7. Whether any given land is or is not agricultural and is a mixed question of law and fact. More so, because the expression 'agricultural land' has not been defined anywhere in the Act. This means that one has to have a clear conception of what distinguishes agricultural land from other species of land and then determine to which category one should assign the particular land under consideration. This determination, however, cannot be arrived at in any given case, unless one has got a very clear impression of all the relevant facts relating to the land in question. The ultimate determination, therefore, involves two processes of judicial reasoning, one the ascertainment of relevant facts on an evaluation of the evidence on record, and two the application of the relevant law or legal principles to the facts so ascertained. In the present case, as we have pointed out earlier, the Tribunal had arrived at a clear finding that the land was not being put to agricultural use of any sort at any time material for purposes of the present case. They had arrived at this finding on an evaluation of the evidence on record. This part of their conclusion, therefore, is unchallengeable in this reference under section 256 of the Act. Even as to the other part of the Tribunal's legal reasoning, we are satisfied that they were justified in placing reliance on the evidence as to the actual user to which the land was put rather than on the aspect of the assessee's intention. We believe that where, over a long period of time, the land in question was not shown to have been tilled and put to use for purposes of agriculture, the mere harbouring of an agricultural intention in the mind of its owner cannot have the overriding effect of effacing the hard realities to the contrary concerning the real character of the land. We are, therefore, satisfied that the Tribunal was quite justified in law in its determination that the assessee's land, on the sale of which accrued a surplus over cost, was not agricultural land exempt from capital gains tax.
8. The learned counsel, however, took the Tribunal to task for basing their determination on two other grounds which, according to him, were altogether far-fetched for purposes of the present inquiry. The Tribunal in their order had observed that the land sold by the assessee was situated in the centre of Madras City, in the thick of a residential locality, surrounded everywhere by buildings. The Tribunal apparently entertained the notion that there can be no agriculture land within the confines of urban area. This line of reasoning, according to the learned counsel, was signally at fault.
9. We realise there is force in the learned counsel's contention. We cannot assert that all urban land is non-agricultural land, any more than we can assert that all rural land is agricultural land. Just as there can be house site in villages which are non-agriculture in character, even so it is not impossible to have agricultural land even within the confines of a modern city. The character of land has, therefore, to be judged on its own and not by reference to other lands amidst which the land in question is situated. This is because we cannot decide the nature of any particular land by looking into the nature of other lands. We must, however, hasten to add that the location or situs of a land is not an entirely irrelevant consideration for judging its character. The only consideration is, as to what weight is to be attached to this factor of location in the context of other relevant facts. It may be observed, although not in a doctrinaire fashion, that it would take a lot more to convince us that lands in a city are agriculture lands than would be the case in regard to lands in village parts. The question would really bear on the state of evidence in any given case both qualitatively and quantitatively.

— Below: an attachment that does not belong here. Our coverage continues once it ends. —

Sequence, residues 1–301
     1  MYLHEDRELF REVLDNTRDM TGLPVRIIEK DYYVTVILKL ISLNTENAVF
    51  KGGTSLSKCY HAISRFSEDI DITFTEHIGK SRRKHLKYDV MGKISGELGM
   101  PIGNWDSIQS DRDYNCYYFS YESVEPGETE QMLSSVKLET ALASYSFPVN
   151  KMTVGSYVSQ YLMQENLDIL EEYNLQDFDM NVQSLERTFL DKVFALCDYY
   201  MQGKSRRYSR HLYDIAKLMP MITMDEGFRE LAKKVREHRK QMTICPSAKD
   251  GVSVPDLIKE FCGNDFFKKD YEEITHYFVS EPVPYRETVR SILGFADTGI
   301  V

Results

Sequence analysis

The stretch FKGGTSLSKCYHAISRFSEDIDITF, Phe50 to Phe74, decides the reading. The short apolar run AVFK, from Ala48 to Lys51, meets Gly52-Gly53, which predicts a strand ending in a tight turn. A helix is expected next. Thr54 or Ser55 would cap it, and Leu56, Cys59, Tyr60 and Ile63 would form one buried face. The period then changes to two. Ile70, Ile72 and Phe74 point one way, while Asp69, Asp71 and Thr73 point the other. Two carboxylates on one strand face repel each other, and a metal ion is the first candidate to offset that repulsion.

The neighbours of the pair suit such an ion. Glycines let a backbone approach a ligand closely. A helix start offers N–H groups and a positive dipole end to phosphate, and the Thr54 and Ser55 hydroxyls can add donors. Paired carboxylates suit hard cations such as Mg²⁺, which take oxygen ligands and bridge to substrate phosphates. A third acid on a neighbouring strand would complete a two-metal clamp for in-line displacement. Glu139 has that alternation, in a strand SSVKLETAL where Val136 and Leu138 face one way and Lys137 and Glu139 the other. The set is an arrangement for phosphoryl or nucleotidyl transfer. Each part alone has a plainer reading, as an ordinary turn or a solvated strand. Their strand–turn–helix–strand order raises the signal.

10. The other criticism made by Mr. Rajappa of the Tribunal's order relates to the particular which the Tribunal laid on the high price for which the assessee had sold the land in question. The Tribunal seemed to imagine that if the land was agricultural land, it would not have gone for such a high valuation. It seems to us that the price element does not always offer a dependable test for ascertaining the nature and character of the subject-matter of the bargain. The consideration paid to any given land, or for that matter any commodity, is a determinant of market forces, as well as felt urgency of the vendor or the purchaser at the given amount. We do not, therefore, set much store on the circumstance that the land which figures in this case realised a price which an equal extent of agricultural land might not have fetched.
11. Although we are not agreed fully with two of the grounds on which the Tribunal had founded its determination, we are satisfied that the Tribunal's conclusion can very well stand on the basis of their principal finding as to the total absence of any agriculture operations carried on the land. The learned counsel relied on a very recent judgment of a Division Bench of this court to which one of us was a party, in Tax Case No. 695 of 1976. [Gemini Pictures Circuit v. CIT - : 130ITR686(Mad) ]. He pointed out that in that case too the land in question was situate in the heart of Madras City, but did not prevent this court from holding that the land was agriculture land. We do not think this case really helps the discussion in the present reference, despite the similarity in fact that in both cases the gains had arisen from the sale of land situated within the city limits. For, in that case, there was clear evidence on record to show that the land was being utilised to grow plantation and other vegetables for a long number of years. This evidence, however, was not given due importance by the Tribunal when it held, by majority, that the land was not agricultural land. When the matter came before this court, it was pointed out that the Tribunal should not have determined the character of the land by overlooking the actual tillings and cultivation which had been carried on therein over a period of time recently. In the present case, the factual position was wholly different as we have earlier pointed out. There is no similarity between the two cases on the aspect of actual user of the land for agricultural purposes.
12. For all the above reasons, we answer the question of law referred to us in the affirmative and against the assessee. There will, however, be no order as to costs.